1.  Thinking that children have “angelic natures.” We may reject St. Augustine’s belief that children in their natural state deserve damnation[1] and yet still have some reservation about how naturally good they are[2]. This reservation is a basis of our rationalizing and justifying punishment or correction, and it helps any good teacher keep a weather eye out for trouble.

2.  Conceiving an “idolatrous devotion” to one’s children or pupils. We have in this kind of mistake the starting-point of much mischief, including what some educational psychologists call the “permissive-indulgent” style of child-rearing or teaching.

3.  Flattering parental egotism. Given the difficulty of letting down a parent who thinks Junior walks on water, leaps tall buildings, and understands string theory, the alternative has a certain attractive but dangerous appeal. Three dangers lurk in it: The parent is abetted in forming unrealistic expectations of Junior, which he or she then sometimes expects the teacher to abet with or without justification; the school is suborned in various kinds of academic fakery; and the teacher is accustomed to misrepresentation of Junior’s accomplishments. All teachers, but not all parents, recognize the first danger. Of the second we may instance cases of schools’ offering “accelerated courses” to students who can’t handle them because parents demand them. Of course the jig is up when, say, the AP test scores come back and 40% of the students taking the test get a 1 or 2. But forces other than just parental egotism lead to such impostures, so we should not just blame parents—or our attitude towards parents—for them. But teachers (and their administrators!) should find ways to keep these dangers from becoming real by giving honest assessments tempered by humanity.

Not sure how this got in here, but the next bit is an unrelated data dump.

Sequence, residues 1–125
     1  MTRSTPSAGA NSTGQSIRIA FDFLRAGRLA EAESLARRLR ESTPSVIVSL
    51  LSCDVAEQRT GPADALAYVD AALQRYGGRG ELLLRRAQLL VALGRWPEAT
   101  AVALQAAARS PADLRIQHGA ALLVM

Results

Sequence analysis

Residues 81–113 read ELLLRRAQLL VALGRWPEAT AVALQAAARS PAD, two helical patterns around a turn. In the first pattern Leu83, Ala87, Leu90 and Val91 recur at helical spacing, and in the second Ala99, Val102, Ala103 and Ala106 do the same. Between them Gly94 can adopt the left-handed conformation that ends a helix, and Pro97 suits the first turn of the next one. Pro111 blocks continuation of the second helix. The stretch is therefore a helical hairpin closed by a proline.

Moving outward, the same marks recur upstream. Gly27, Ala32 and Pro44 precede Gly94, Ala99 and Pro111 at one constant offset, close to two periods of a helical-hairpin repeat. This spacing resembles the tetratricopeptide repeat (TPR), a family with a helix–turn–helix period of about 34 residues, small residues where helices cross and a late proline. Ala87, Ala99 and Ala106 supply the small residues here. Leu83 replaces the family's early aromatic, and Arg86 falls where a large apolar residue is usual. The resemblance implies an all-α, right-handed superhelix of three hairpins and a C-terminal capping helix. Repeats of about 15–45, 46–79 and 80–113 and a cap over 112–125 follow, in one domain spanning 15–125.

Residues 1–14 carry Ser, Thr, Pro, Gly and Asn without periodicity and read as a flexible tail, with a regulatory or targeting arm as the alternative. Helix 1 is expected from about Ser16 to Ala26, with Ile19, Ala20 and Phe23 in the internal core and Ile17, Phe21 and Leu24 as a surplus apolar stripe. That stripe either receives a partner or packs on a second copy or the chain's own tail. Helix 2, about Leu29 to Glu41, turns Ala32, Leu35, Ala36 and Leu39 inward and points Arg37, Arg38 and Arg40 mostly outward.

4. Echoing cant[3]. This old-fashioned but excellent word refers to a kind of baloney all too common in the Ed Biz when The Biz is not echoing nonsense. A good example would be the way that Jerome Bruner’s thinking was (over)simplified or misrepresented to justify “mastery learning” and in doing so to put an onus on the teachers, some of whom did not have, and should not have been expected to have, the nimbleness of conception necessary to adapt singlehandedly a structure of learning to the developmental needs of dozens or hundreds of pupils. The basis for this onus was the cant expression that any subject can be made teachable to any pupil at any stage of development, a manifestly false position.

5. Propping up humbug. It’s too bad that the only person to use this word besides Jane is Scrooge, for humbug is forever, though its details may change from time to time. But humbug becomes dangerous when it is made into law. What else are No Child Left Behind’s demands for “proficiency” and penalties for poor performance on “value-added learning” tests than a gigantic prop to humbug? What else are the breaches of Campbell’s Law in corrupt school districts that we have read about in the last two years?

To these five ways of thinking Brontë offers five antidotes: reciprocity, attachment, expectation of reasonable progress, telling the truth, and conscientious solicitude for students. To me it is no contest.

 

[1] St. Augustine could be severe, or dark-humored. To a questioner who asked him what God was doing before he created the heavens and the earth, he answered, “He was creating hell for people who ask foolish questions.”

[2] Thus my colleague the geography teacher had a small lidded earthenware pot near his classroom door labeled “ASHES OF TROUBLESOME STUDENTS.”

[3] the expression or repetition of conventional, trite, or unconsidered ideas, opinions, or sentiments; especially : the insincere use of pious phraseology. “cant.” Webster’s Third New International Dictionary, Unabridged. Merriam-Webster, 2002. http://unabridged.merriam-webster.com (16 Jul. 2011).